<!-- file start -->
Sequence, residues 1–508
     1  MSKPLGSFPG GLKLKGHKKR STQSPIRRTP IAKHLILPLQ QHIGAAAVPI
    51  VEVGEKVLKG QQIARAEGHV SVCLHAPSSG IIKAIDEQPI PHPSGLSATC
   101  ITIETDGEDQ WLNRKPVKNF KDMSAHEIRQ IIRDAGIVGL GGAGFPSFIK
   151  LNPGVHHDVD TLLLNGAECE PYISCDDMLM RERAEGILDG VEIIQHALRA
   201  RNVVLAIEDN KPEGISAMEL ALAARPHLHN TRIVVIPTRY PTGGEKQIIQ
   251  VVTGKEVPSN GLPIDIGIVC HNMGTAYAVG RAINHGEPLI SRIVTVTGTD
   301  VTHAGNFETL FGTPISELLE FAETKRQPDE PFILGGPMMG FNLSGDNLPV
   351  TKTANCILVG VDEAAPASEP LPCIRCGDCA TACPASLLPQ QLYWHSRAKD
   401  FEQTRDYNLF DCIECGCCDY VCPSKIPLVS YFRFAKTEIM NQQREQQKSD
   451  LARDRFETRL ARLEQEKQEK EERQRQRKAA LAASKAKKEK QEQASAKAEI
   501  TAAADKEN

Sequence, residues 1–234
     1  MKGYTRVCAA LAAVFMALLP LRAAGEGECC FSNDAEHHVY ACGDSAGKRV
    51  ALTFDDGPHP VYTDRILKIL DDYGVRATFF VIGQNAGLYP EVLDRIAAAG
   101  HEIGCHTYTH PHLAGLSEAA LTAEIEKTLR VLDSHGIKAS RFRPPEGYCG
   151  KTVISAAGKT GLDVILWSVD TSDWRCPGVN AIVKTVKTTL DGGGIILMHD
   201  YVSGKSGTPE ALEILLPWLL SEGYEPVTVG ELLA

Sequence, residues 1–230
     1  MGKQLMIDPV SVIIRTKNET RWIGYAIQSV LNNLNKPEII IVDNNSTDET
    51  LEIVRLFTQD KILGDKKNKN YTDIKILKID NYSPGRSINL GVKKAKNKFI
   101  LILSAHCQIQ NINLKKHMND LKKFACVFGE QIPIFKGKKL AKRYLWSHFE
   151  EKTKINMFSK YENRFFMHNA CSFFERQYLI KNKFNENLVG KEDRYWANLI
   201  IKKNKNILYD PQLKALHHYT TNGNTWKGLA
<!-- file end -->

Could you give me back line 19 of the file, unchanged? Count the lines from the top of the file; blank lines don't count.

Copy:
Sequence, residues 1–230